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Crist Signs DNA Testing Bill

Calling it a “common sense” tool in the war on crime, Gov. Charlie Crist signed a measure on Tuesday expanding the number of people whose DNA will be collected and included in a statewide database.

Over the objections of critics that the measure will result in innocent people being lumped with convicted felons in having their DNA kept in a state databank, Crist signed SB 2276 among a handful of public safety measures.

"This makes sense,” Crist said at the signing. “This is common sense and the right thing to do."

Florida joins at least 20 other states with similar laws that require DNA testing of some or all detainees arrested for felonies. Florida law previously required DNA testing only of those who were convicted.

The state law calls for a phase-in, with the most violent offenses being catalogued first. By 2019, all suspects arrested or charged with any felony will have their DNA collected.

The provision has drawn fire from civil rights groups that say it oversteps constitutional protections and expands the role of law enforcement from apprehension to surveillance.

“In America, people are presumed innocent until proven guilty,” said Courtney Strickland, spokeswoman for the ACLU of Florida. “Thousands of innocent people will now be included in a criminal database.”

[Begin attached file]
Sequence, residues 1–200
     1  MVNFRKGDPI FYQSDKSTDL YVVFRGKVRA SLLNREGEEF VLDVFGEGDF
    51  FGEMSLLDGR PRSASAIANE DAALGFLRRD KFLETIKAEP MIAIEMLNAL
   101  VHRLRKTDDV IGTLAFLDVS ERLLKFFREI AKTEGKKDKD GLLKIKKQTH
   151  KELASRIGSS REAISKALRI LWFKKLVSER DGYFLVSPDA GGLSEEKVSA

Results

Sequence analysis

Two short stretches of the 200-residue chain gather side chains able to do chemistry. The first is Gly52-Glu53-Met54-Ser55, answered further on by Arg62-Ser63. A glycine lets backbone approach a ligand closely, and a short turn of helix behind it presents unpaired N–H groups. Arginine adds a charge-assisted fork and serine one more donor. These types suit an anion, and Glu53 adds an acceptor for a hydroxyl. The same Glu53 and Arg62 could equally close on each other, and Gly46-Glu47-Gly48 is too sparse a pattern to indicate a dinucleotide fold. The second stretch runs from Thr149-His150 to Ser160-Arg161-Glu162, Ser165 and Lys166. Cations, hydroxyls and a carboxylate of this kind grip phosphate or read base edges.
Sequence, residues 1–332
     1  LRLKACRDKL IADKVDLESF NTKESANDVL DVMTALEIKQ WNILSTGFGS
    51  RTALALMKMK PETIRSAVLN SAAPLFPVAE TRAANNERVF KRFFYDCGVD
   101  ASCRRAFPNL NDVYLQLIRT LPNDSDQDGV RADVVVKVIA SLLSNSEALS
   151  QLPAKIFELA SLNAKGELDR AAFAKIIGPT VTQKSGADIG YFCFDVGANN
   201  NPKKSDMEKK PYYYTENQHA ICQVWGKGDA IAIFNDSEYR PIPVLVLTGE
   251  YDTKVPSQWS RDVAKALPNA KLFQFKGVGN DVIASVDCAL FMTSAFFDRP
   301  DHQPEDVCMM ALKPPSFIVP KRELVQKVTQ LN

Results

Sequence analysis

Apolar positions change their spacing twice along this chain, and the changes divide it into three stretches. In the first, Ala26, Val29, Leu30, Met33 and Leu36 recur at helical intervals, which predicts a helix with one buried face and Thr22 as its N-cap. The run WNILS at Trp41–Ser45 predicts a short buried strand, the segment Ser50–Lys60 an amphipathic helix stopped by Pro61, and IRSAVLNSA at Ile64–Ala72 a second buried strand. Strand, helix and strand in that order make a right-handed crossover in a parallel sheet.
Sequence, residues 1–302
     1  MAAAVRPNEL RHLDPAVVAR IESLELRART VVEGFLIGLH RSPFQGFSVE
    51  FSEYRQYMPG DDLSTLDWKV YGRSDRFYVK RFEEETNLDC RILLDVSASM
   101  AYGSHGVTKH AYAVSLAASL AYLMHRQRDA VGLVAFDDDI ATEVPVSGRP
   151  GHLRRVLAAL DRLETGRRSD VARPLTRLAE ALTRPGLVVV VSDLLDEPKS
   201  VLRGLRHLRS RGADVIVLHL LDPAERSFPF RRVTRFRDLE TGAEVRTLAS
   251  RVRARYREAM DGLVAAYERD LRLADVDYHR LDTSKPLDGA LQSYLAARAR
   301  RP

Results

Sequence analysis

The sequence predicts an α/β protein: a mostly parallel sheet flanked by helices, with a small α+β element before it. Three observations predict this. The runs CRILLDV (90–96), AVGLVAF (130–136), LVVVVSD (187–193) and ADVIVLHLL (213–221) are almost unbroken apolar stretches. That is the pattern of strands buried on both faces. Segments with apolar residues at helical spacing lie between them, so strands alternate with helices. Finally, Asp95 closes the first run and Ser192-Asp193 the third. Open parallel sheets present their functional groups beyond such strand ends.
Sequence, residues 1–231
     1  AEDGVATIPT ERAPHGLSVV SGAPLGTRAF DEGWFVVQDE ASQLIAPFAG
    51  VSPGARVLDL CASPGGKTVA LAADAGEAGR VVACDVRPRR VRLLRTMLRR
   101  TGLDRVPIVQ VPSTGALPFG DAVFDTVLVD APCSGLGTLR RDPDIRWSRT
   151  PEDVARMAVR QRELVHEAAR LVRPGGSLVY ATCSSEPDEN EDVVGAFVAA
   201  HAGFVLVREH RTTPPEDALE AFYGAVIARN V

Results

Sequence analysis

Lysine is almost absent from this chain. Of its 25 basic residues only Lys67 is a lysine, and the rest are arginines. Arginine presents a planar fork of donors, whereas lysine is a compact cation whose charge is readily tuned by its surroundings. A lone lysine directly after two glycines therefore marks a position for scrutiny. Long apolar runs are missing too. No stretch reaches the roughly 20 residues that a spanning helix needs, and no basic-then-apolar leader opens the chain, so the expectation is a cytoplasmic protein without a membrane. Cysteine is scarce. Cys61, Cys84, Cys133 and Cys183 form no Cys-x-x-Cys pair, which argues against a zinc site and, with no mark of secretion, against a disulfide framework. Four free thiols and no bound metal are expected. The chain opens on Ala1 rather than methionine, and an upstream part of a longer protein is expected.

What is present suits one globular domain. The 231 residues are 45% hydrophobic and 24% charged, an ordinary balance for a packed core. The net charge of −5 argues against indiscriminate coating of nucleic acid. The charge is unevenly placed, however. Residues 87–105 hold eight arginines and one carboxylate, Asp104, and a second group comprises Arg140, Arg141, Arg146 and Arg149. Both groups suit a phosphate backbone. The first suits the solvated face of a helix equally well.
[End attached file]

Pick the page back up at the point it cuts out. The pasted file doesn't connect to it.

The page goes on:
A 2006 federal law requires DNA collection for individuals facing federal felony charges. Last month a federal judge in California upheld the DNA Fingerprint Act. The law allows federal law enforcement officials to collect DNA from individuals "arrested, facing charges, or convicted" of federal offenses and is expected to add 1.2 million names to the national DNA registry every year.

The federal law, however, requires DNA to be expunged if charges are not filed.

Backers say the Florida law will significantly expand the size of state’s current DNA database and assist law enforcement officers in fighting crime.

During debate on the issue, supporters said that police often find when they catch a serial predator that the person had never been convicted, but did have at least one prior arrest.

Backers say adding more DNA to the database increases the likelihood of finding a match even on old cases, although, it also may add to processing backlogs.

Citing a federal audit and audits in other states, critics say the inclusion of thousands of innocent suspects will further delay processing DNA samples from of bona fide felons.

“The states have seemed to have bought the line that the bigger the database the better,” Strickland said. “As you expand the case file. You end up making the hay stake bigger and bigger.”

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